Greetings Friend Mouse, I saw your review of Ms. Cooper's book and felt compelled to forward this email to you. I sent the original to USA Today after they published an article about Ms. Cooper. I hate to see people get duped, as I once was, and through their being deceived facilitate the deception of others. Best of luck, Gene Morse

    Date: February 19, 2008 04:37:13 PM CST
    Subject: WorldCom's whistle-blower tells her story

    Ms. Cooper knew there was a $2.3 billion undefined capital expenditures issue relating to the first nine months of 2001 capital expenditures at least by December 2001 and most likely some time prior to that (the $2.3 billon problem was uncovered during Glyn Smith's 2001 Capital Expenditures Review). Ms. Cooper and Mr. Smith did not bring this to the attention of the Audit Committee or anyone else and did not demand support for this (which presented about 1/3 of all of WorldCom's publicly reported Capital Expenditures through the first nine months of 2001). The $2.3 billion was not highlighted or even disclosed in the 2001 Capital Expenditures Review that was distributed in January of 2002.

    Hiding behind the excuse that the WorldCom Internal Audit department only performed Operational Audits simply does not hold water and is not the case. During that same time period I was involved in an International Capital Expenditures Audit that revealed large accounting based frauds designed to protect internal capital budgets, not to defraud stockholders (the evidence was pulled by internal auditors from the accounting system). If the Operational Audit excuse is what Ms. Cooper wants to stand behind, then the 2001 Capital Expenditures Review simply chose to ignore 1/3 of the Operations as reflected by ignoring the $2.3 Billion in Corporate Allocations of Capital Expenditures. If Ms. Cooper had required support in December 2001 (which she had the full right and authority to do as given to her by the Board of Director's Audit Committee), then the Line Cost Capitalization number would have been that $2.3 billion rather than the ultimate $3.8 billion.

    For whatever reason, Ms. Cooper stood idly by and allowed the $2. billion to grow to $3.8 billion in capitalized line costs. Just some of the events that occurred over the six months after the discovery of the $2.3 billion that may have prompted Ms. Cooper to finally take action include: (1) an SEC investigation, (2) discovery of other WorldCom financial fraud activity - the Wireless Bad Debt reversals, (3) changing external auditors from Arthur Anderson to KPMG, (4) replacement of Bernie Ebbers as CEO, and (5) internal and external talk of bankruptcy. Finally in May 2002, when bankruptcy was truly being seen as imminent and with all of these events forboding huge changes at WorldCom, Ms. Cooper decided to investigate the $2.3 billion in undefined 2001 Capital Expenditures. All she had ever needed to do was use Internal Audit's Board of Director's given authority to ask the accountants for support for that number. Who knows how radically different the outcome might have been had she made that query in December of 2001, rather than June of 2002.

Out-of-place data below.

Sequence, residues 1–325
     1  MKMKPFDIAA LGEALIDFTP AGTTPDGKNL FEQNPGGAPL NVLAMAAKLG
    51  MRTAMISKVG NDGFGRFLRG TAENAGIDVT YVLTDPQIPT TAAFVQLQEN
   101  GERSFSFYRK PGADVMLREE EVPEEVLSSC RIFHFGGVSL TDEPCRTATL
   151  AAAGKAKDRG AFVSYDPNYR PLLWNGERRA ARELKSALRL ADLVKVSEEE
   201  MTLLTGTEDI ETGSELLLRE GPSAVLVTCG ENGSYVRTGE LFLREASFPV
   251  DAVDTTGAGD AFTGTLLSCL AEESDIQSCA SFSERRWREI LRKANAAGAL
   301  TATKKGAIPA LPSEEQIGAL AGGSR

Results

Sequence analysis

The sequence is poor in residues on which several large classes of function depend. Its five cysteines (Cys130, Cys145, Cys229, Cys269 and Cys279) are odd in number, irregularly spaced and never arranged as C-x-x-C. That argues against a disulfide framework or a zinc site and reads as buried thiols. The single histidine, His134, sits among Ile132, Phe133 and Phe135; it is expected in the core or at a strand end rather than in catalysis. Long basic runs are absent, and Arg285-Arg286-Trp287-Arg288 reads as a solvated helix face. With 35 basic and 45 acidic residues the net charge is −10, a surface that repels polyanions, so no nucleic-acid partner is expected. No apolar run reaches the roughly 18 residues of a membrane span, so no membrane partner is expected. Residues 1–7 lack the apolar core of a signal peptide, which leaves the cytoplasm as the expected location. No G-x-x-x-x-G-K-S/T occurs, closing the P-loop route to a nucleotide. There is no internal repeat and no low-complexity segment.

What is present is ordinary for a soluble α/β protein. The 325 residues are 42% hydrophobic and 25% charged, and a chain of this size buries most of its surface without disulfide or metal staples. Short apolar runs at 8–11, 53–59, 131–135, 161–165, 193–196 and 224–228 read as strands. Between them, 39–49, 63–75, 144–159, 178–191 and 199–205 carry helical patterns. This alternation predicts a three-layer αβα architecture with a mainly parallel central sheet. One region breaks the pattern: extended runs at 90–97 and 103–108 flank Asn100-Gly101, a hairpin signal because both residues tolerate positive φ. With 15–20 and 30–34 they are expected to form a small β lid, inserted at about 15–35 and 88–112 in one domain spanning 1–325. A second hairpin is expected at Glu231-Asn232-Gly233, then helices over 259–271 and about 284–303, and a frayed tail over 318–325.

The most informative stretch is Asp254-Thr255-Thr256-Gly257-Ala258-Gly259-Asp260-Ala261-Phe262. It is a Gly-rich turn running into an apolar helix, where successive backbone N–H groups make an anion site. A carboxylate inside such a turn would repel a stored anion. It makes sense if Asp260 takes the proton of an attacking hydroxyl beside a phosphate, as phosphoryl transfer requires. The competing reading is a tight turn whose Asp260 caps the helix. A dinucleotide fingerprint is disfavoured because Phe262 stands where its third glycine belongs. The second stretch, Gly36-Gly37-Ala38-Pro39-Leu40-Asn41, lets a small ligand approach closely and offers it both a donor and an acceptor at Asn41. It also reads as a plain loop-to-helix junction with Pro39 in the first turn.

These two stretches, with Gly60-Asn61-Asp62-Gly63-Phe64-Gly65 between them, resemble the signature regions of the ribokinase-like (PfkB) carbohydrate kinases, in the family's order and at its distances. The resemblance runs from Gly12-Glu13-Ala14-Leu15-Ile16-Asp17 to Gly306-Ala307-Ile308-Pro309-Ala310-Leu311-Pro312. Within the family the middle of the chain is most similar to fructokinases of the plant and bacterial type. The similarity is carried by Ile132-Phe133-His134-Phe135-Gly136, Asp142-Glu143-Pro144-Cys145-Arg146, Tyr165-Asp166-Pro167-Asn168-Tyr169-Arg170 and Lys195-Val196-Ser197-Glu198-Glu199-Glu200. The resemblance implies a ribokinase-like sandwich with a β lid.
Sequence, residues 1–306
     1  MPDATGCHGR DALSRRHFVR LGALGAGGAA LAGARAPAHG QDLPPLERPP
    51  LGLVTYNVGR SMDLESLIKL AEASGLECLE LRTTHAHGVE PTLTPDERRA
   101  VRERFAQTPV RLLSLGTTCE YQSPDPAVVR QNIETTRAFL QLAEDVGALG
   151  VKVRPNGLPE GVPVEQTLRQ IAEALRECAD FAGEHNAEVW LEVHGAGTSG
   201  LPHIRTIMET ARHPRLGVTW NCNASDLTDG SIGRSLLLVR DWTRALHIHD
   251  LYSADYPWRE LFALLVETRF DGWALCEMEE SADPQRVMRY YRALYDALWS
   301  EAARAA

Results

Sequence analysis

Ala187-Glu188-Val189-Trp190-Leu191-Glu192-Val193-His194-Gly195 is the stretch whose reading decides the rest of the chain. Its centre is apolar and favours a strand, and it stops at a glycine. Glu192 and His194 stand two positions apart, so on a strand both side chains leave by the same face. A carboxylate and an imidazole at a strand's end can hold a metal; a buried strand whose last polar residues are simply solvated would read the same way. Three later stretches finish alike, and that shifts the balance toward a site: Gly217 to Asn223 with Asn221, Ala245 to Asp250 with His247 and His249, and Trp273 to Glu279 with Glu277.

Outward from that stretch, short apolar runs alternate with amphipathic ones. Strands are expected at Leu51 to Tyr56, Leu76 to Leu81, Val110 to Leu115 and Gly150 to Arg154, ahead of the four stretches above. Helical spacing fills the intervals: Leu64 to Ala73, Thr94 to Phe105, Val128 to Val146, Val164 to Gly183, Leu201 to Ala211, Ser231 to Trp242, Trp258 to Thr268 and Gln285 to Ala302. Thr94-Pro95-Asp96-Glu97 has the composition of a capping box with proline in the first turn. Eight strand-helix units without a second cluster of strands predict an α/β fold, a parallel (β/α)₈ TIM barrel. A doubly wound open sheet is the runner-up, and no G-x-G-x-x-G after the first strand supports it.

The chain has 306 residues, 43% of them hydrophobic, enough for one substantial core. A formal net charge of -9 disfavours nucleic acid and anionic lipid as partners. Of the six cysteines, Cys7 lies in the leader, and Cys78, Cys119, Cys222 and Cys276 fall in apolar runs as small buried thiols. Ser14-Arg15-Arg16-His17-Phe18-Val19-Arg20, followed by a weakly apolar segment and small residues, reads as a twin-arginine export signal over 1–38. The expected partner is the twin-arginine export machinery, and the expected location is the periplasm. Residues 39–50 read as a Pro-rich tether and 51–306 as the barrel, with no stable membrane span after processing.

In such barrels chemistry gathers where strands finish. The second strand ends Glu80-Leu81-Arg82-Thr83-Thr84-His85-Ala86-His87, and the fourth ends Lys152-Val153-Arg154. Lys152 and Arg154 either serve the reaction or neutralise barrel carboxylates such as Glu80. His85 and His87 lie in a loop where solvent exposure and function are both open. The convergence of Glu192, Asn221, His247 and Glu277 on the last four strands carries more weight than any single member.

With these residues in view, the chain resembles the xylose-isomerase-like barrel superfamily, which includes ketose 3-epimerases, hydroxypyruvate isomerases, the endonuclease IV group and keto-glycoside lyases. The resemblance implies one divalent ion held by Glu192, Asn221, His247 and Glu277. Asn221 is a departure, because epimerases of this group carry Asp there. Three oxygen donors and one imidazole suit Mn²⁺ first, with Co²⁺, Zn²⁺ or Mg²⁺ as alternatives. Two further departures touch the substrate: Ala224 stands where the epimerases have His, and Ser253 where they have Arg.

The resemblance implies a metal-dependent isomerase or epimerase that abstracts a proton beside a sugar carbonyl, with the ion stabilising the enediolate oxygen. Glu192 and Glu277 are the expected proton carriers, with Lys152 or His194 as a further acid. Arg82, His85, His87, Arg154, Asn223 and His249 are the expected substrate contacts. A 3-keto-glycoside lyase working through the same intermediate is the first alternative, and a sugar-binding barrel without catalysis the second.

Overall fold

Ask any Auditor you know if they would ignore and choose not to report a $2.3 billion unexplained issue to their superiors.

    The evidence of the $2.3 billion can be found on page 118 of the following document.

    >http://news.lp.findlaw.com/hdocs/docs/worldcom/bdspcomm60903rpt.pdf

    Ms. Cooper must have chosen her motto that is in the USA Today article long after these events: from Goethe: "Things which matter most must never be at the mercy of things which matter least." And she was most likely, "seized by depression and anxiety" because
    she feared someone in authority may determine that she bore some
    responsibility for her inaction.

    Regards, Gene Morse CFA, CPA,

    "A person may cause evil to others not only by his actions but by his inaction, and in either case he is justly accountable to them for the injury." - John Stuart Mill (1806 -1873)

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  2. Internal Auditor in IL.September 12, 2008 at 12:28 PM

    It's certainly interesting to hear Mr. Morse's view, but as a fellow internal auditor I feel compelled to ask what steps Mr. Morse took to act on these concerns at the time.

    From Mr. Morse's account, it would seem that these red flags were clear to any reasonable auditor at the time. Does he include himself?

    If he was aware of some or all of the indicators for potential fraud, he was bound by professional obligation to act on them himself if he saw that his supervisor did not. Otherwise he would be just as guilty of standing "idly by."

    On the other hand, if he was not aware of these indicators, perhaps he's not in the best position to decide what Ms. Cooper did or did not know or what actions she took.

    It's easy to attack from afar and with hindsight. Might Mr. Morse be guilty of "hiding behind [an] excuse" by declaring that any errors by IA were all his supervisor's fault?